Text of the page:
While all of this continues in low earth orbit, countless satellites and probes have been sent deep into the solar system. Some of the most famous ones being the Viking probes of mars, the first man-made objects to successfully land on the red planet and the Voyager probes, currently the furthest man-made objects ever (voyager 1 has recently entered the heliosheath and is predicted to enter interstellar space sometime around 2015). And recently there’s a new one to add to this very exclusive list, the Curiosity Mars probe, the largest and most advanced probe to ever land on another planet. The size of a small car and powered by a nuclear reactor, the Curiosity probe hopes to give us new insights into the history of mars, and whether there has ever been life on the red planet. It plans to do this by incinerating rocks with an on-board laser and analysing the gas given off to detect organic particles and elements and molecules that could support life.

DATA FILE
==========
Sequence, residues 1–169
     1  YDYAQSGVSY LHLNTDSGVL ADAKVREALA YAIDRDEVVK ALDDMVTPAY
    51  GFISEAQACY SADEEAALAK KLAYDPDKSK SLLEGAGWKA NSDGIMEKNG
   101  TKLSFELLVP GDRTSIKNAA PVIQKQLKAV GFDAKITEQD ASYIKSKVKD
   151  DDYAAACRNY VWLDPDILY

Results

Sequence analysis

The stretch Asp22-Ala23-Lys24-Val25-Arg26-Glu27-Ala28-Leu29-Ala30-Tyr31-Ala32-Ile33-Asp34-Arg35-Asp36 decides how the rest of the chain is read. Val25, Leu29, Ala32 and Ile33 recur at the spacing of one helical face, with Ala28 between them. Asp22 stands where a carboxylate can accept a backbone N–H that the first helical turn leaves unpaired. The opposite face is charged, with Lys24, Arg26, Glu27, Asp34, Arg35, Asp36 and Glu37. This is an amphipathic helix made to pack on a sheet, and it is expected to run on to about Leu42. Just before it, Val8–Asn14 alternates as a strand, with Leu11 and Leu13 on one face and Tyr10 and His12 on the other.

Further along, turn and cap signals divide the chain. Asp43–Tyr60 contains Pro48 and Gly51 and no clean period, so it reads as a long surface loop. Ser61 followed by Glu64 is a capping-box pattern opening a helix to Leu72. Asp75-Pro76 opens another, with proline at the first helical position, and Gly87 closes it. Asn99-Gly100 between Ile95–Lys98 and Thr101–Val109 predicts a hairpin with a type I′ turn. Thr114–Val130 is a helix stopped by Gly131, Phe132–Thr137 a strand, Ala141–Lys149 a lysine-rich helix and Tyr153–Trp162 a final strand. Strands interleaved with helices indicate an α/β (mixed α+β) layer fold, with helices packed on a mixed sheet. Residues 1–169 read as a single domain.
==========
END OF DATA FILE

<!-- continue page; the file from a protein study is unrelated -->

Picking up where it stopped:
Now we’ve had the most recent, and now we move onto the future. The future of space exploration is a tricky beast to wrestle with, as no one’s quite sure what’s coming. No-one could have predicted the sheer speed at which we progressed from Wernher von Braun’s V-2 rocket, only seventy years ago; after all, we’re now planning manned missions to mars! But there is one group of people who’ve had a go. Project Daedalus was a study conducted between 1973 and 1978 by the British Interplanetary Society, the oldest society of its type, to design a plausible unmanned interstellar spacecraft. Intended mainly as a scientific probe, the design criteria specified that the spacecraft had to use current or near-future technology and had to be able to reach its destination within a human lifetime. The proposed design revolved around a hydrogen-3 pellet driven nuclear-pulse fusion rocket to accelerate to 12 per cent of the speed of light. Aimed at Barnard’s star the probe would carry 18 smaller micro-probes, with an aim to study the atmospheric configuration, the magnetic field strength, and to send back pictures of the star system and its planets, sending this data back to earth via the main probe, which would use its massive 40 metre engine bell as a communications antenna. However, due to its incredible speed, the probe would be unable to stop, hurtling on through space for the rest of its life.